3D printing and EMRs: Will they connect soon?
The day cosmetic surgeons can print molds directly from their EHR software may not be too far ahead of us. Queensland University of Technology in Brisbane, Australia, has already launched a master’s program teaching the core principals of bioprinting; they’re focusing on using 3D printers to grow human tissue. In the same study, Healthcare IT News also mentions the increased savings resulting from the use of 3D printers in healthcare practices.
The ways 3D printers may offer medical advantages
The increasing technological capabilities remind us that we are living in an era where the seemingly impossible becomes just the opposite in relatively short periods of time. As the use of 3D printing becomes more prevalent in common situations over the coming years, the uses for such technology will encompass more than we can imagine. Not only will we be able to grow human tissue from such devices, but we may be able to use 3D printing for the construction of molds, vaccines, and possibly even medications. While it may seem far fetched, cell phones were barely a reality in the late 1980s and now we often see people with more than one.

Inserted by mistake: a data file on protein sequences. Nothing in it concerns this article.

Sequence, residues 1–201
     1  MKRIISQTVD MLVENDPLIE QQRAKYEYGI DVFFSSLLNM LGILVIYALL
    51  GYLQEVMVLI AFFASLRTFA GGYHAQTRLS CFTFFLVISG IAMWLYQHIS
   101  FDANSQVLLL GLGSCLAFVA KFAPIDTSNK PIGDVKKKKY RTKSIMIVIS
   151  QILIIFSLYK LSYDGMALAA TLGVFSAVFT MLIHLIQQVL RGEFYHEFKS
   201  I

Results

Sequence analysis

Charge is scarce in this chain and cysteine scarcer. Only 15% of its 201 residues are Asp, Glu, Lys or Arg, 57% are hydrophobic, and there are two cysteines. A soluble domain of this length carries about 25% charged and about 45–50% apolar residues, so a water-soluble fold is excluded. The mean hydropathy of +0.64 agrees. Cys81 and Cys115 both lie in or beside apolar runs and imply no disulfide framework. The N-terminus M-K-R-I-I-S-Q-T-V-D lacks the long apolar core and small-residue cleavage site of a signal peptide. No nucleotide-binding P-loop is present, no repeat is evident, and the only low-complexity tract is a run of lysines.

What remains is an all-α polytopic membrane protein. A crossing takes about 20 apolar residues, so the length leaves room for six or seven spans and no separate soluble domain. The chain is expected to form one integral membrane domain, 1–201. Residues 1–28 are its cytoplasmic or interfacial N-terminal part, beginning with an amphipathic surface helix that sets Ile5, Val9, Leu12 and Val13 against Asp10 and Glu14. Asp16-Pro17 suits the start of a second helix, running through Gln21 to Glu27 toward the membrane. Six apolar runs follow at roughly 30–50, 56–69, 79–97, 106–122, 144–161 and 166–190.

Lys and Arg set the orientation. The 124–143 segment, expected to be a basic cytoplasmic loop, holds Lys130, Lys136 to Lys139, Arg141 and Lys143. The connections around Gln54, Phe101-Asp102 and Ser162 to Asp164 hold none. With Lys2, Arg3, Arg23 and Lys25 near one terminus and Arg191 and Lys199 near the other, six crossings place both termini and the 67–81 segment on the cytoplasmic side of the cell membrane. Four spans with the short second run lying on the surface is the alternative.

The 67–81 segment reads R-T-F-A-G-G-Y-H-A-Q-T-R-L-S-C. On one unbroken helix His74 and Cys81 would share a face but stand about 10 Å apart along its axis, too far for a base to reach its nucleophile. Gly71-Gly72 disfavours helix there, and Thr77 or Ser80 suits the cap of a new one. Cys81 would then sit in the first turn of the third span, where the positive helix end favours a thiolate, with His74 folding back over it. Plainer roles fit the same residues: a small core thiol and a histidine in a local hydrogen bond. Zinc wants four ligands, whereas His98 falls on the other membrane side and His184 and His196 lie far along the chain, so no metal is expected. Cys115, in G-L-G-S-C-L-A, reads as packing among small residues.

Other uses for this technology can be printing actual medical devices such as endoscopes, tubing, adhesives, and more. It’s quite possible that this technology will be used for printing creams, gels, and other healthcare related substances. The image above showing a human heart in the process of printing may not be too far off the grid either.
Printing from your EMR
Although it’s not quite there yet, let’s not rule out the option of printing directly from your EHR in the near future. With the click-of-a-button, everything mentioned in this article and more may eventually become a reality as the printing is done right in front of our eyes.